China Leads Climate Investment
There are two indicators of China's commitment to managing carbon emissions: ratification of the Paris agreement and rising climate bond market.
US and China Join the Paris Agreement
Historically, one factor in the the US reluctance to commit to carbon reduction has been a concern that US competitiveness will be impacted if other large emitters don't also take significant steps. Recently China and the U.S. announced that they formally joined the Paris Agreement. This momentous announcement tips the balance towards a quick entry into force of the Agreement, by the end of 2016 — if not by the end of September. According to Four Twenty Seven, a carbon management consultancy, The Paris Agreement requires 55 percent of the 180 signatories to ratify or formally join, representing more than 55 percent of global emissions. The UNFCCC ratification status tracker, last updated as of Friday afternoon, counted 26 parties accounting for 39 percent of emissions.
This is an important step because China and the U.S. together are responsible for over 38 percent of global emissions, so their commitment pushed the emissions from signatories to 75 percent, well over the 55 percent threshold. Securing the missing 27 country signatures will be not a problem now that the U.S. and China have confirmed their commitment. The next wave of ratification is expected later this month, as countries gather in New York City for the annual General Assembly of the United Nations on September 19, 2016
As Four Twenty Seven reported, senate ratification (or lack thereof) had been the kiss of death for the Kyoto Protocol. However, the US climate negotiators are intent on avoiding involving the Republican-controlled Senate, which would undoubtedly oppose ratification. The accelerated procedure does, however, push the Paris Agreement on the next U.S. President. Hillary Clinton has committed to pursuing current efforts from the White House to reduce green house gas emissions and build resilience. Donald Trump has made contradictory statements about climate science and announced he would pull out of the Paris Agreement if elected. Given current polls and forecasts for the November 2016 elections, we expect the U.S. will likely stand by its commitment to the Paris Agreement for the next four years.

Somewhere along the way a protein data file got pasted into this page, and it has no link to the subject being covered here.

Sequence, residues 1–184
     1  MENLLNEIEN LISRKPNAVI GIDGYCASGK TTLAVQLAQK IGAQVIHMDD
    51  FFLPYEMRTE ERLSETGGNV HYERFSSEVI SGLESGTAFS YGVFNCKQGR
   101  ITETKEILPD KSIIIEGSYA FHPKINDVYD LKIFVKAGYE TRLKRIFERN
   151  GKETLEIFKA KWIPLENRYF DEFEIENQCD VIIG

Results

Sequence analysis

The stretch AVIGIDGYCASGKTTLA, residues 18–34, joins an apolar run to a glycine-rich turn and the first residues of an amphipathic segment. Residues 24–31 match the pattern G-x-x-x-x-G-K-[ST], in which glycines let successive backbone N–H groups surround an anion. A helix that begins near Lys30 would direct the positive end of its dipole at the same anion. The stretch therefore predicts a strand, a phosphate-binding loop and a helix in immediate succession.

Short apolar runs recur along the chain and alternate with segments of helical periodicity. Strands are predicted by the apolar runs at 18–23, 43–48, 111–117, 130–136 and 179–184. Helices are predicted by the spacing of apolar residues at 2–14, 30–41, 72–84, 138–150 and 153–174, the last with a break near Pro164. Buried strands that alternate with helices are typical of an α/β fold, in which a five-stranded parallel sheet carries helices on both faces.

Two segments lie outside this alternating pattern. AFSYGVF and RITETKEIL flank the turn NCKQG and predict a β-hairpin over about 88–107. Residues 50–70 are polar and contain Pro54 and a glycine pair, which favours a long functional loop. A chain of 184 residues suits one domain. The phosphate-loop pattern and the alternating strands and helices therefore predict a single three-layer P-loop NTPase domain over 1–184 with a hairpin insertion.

China is Becoming the Climate Bond Leader
The Climate Bonds Initiative has launched the Chinese Version of its 5th annual report ‘Bonds and Climate Change: State of the Market in 2016’ (SOtM) in Shanghai. The report reveals China is the largest country of issuance in the climate aligned universe. The issuance is dominated by China Railway Corporation, the largest with $194bn unlabeled issuance for their low-carbon initiatives. This figure highlights the significance of bonds within the transport sector and demonstrates the continuing importance they will play in raising finance for low-carbon transportation. China is also seen as a leader in the labeled green bond market and is the largest country of issuance in 2016 ytd.
What are Green Bonds: Using debt capital markets to fund climate solutions
Green bonds were created to fund projects that have positive environmental and/or climate benefits. The majority of the green bonds issued are green “use of proceeds” or asset-linked bonds. Proceeds from these bonds are earmarked for green projects but are backed by the issuer’s entire balance sheet. There have also been green "use of proceeds" revenue bonds, green project bonds and green securitized bonds. This includes bonds that are labeled as green as well as bonds that are financing climate solutions but do not carry a label.
Types of green bonds
This annual flagship report from the Climate Bonds Initiative discovers and quantifies bonds that are being used to finance low carbon and climate resilient infrastructure, including both labeled and unlabeled. Climate Bonds collaboration with entities such as the CCDC, CECEP, NAFMII and the Shanghai Stock Exchange helped identify unlabeled domestic bonds.
The report’s key findings include:
- $694bn, up 16% from 2015.